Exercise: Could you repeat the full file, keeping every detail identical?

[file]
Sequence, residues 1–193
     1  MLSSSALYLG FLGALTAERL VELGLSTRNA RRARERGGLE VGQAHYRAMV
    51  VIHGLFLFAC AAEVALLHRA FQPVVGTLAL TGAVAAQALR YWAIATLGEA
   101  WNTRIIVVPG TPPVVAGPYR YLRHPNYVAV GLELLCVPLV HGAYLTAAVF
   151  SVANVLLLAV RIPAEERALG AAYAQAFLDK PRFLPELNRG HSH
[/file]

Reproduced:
Sequence, residues 1–193
     1  MLSSSALYLG FLGALTAERL VELGLSTRNA RRARERGGLE VGQAHYRAMV
    51  VIHGLFLFAC AAEVALLHRA FQPVVGTLAL TGAVAAQALR YWAIATLGEA
   101  WNTRIIVVPG TPPVVAGPYR YLRHPNYVAV GLELLCVPLV HGAYLTAAVF
   151  SVANVLLLAV RIPAEERALG AAYAQAFLDK PRFLPELNRG HSH